Longtime Engineer's Corner readers know that we've had, well, "issues" with the STL or "Studio/Transmitter Link" for our 88.1FM signal in Providence. The STL is what carries the audio from our studios in downtown Providence to the transmitter/tower at the Wheeler Farm in Seekonk.
Now a couple weeks ago we revealed that half of a new wireless microwave STL was installed, and that the other half would be installed soon. Today, we fired it up for the first time and the results were gratifyingly positive!
In many ways, this is an even bigger deal; 102.7 had a hefty vent fan system that could move a lot of air. Sure, if the air outside was hot, it means the air inside was hot, too. Usually you can't cool a room using outside air below about +10F degrees above outside air temps. So if it's 90F outside, it's 100 to 105F inside...ugh!
And at 88.1, we didn't really have even that. The transmitter site is an 8x10ft shed with a single 12 inch desk fan blowing air out one of the wall vents, and no insulation whatsoever on the walls or ceiling. Temps routinely broke 120F inside, even when it was only 70 to 80F outside.
The morning of April 30th saw several odd "dropouts" in the audio on 88.1FM, usually lasting 5 to 8 seconds each, happening as often as 2 or 3 times a minute, but more commonly once every 10 to 15 minutes.
There was also an odd "repeating audio" effect some people noticed, when the audio came back.
The big news in computing this week is Heartbleed, a serious security problem with secure websites. Specifically, it's a two-year-old bug in the near-ubitiquous OpenSSL (Secure Socket Layer) protocol...most commonly recognized when there's a "https" (instead of "http") at the beginning of a website address.
It's a big problem, and I'll explain why in a second, but first I wanted to let everyone know that the RIPR donations website is secure and never was vulnerable to Heartbleed. They use a hardware-based implementation of SSL, not OpenSSL.
So if you have donated or plan to donate to RIPR, you have nothing to worry about in regards to Heartbleed and that donation. Whew!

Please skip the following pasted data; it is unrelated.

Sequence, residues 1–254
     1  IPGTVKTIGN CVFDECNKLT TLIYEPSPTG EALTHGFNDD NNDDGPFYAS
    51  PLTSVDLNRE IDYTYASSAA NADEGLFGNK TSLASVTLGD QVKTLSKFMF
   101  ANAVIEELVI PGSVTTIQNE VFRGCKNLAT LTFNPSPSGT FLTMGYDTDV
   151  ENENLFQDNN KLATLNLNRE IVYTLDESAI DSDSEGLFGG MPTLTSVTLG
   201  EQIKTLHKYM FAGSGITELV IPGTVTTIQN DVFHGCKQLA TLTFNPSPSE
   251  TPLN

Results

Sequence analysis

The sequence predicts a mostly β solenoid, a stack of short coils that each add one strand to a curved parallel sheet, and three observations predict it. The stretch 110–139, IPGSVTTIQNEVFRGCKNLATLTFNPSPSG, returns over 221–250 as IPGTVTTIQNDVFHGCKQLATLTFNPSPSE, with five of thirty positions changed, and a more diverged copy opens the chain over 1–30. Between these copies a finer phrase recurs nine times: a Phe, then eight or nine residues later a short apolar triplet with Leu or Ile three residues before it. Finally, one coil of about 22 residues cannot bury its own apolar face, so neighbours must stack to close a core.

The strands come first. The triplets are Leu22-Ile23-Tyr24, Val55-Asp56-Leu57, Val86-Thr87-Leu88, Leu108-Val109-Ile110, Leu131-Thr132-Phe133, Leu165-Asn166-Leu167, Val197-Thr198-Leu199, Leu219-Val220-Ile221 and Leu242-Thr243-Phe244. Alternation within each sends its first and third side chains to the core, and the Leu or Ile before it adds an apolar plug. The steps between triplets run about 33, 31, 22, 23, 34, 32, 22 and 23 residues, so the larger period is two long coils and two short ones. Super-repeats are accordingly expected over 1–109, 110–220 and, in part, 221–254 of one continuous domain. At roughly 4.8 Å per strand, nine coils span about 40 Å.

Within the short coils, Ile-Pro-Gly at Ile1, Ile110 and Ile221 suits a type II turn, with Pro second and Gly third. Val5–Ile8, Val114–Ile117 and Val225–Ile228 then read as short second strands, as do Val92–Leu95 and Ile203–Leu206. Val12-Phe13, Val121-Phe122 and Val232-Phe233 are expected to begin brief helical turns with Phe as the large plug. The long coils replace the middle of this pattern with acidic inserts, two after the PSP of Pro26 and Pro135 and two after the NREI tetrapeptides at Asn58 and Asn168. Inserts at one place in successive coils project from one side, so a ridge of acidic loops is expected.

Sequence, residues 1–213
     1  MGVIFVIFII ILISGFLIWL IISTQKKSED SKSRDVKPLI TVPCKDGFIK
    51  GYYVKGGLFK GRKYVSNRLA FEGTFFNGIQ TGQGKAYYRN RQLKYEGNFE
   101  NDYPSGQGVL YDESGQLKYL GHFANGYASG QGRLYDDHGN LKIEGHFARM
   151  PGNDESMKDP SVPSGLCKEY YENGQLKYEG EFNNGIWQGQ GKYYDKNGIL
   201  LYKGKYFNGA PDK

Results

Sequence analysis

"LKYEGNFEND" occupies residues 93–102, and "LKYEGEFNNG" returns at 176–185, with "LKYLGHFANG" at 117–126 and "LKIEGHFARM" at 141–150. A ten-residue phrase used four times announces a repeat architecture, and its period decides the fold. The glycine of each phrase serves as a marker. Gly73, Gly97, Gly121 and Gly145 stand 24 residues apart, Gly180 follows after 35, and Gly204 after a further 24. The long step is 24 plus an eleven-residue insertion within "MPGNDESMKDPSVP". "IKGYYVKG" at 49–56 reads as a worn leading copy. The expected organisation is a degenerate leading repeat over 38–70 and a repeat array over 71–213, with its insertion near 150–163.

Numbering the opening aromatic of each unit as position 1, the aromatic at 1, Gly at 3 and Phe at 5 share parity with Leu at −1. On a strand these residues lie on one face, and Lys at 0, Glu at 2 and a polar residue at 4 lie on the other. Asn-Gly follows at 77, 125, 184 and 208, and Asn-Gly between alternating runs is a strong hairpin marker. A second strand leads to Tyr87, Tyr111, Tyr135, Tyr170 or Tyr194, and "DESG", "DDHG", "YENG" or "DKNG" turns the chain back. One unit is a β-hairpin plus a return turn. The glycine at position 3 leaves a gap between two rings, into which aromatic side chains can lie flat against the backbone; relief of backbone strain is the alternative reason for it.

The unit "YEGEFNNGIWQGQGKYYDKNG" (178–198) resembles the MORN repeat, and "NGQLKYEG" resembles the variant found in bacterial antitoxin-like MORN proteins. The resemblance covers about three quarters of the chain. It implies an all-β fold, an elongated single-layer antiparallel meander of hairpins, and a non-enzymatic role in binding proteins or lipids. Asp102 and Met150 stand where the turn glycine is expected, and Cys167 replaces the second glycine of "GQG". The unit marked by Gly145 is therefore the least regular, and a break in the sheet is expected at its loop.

Our good friends at FullChannel cable, available to residents of Barrington, Warren and Bristol, are not only nice enough to put RIPR's audio on channel 799. But also their engineer, Jamie Griffin, has started his own "Engineer's Corner" email newsletter for cable TV folks.
In light of ongoing issues with the Studio/Transmitter Link (STL) for WELH 88.1, we have implemented a new STL schema. If you heard a lot of odd audio dropouts on 88.1 today, that was the reason.
The good news is that we should have a pretty good temporary solution in place, and a solid path for a permanent solution is on the horizon (tentatively scheduled for mid-March). Best of all, I was able to put in a new(er) Orban Optimod 8100A audio processor to replace the less-capable Inovonics DAVID-III. There's a little sibilance still, so I need to tweak the settings. But overall the sound should be much louder, fuller, and more consistent.
Taking a break from broadcast engineering this time on TheEC, and instead we'll look at the other side of my job: computers. In particular, here's a heads-up to a recent story that's lit-up the geekier realms of the internet, but may not have percolated to your inbox just yet. It has to do with BROWSER EXTENSIONS and how they might or might not...probably might...be spying on you.
We've talked in the past about skywave propagation, but it's cool when you heard about real-world examples of it. Recently I've gotten several emails from "DX'ers" (Distant Reception enthusiasts) in Europe saying they've been able to hear Latino Public Radio on 1290AM all the way across the Atlantic!
We have put a temporary setup in place with a donated 30 watt transmitter on loan (with the antenna array's gain factor of 2.1, it's really more like 63 watts of Effective Radiated Power), and a special radio that's tuned to 102.7FM (there's a high-gain FM antenna on the rooftop tower) and puts out the composite signal directly into the new transmitter. This effectively makes 91.5 into a "repeater" of 102.7FM.
Air conditioning. Cool heaven for those who have it, blazing hell for those who don't. It didn't used to be terribly common in broadcast engineering, but it's become moreso in the last ten years. The reason is that, more and more, audio processors, RDS encoders, audio encoders/decoders, studio/transmitter links, remote control systems, and even the transmitters themselves, have all become increasingly "computer-like" with IC's, hard disk drives, power supplies, electrolytic capacitors and the like. All things that fail quickly when operated in temperatures above 80 or so, and the warmer it gets, the faster they fail!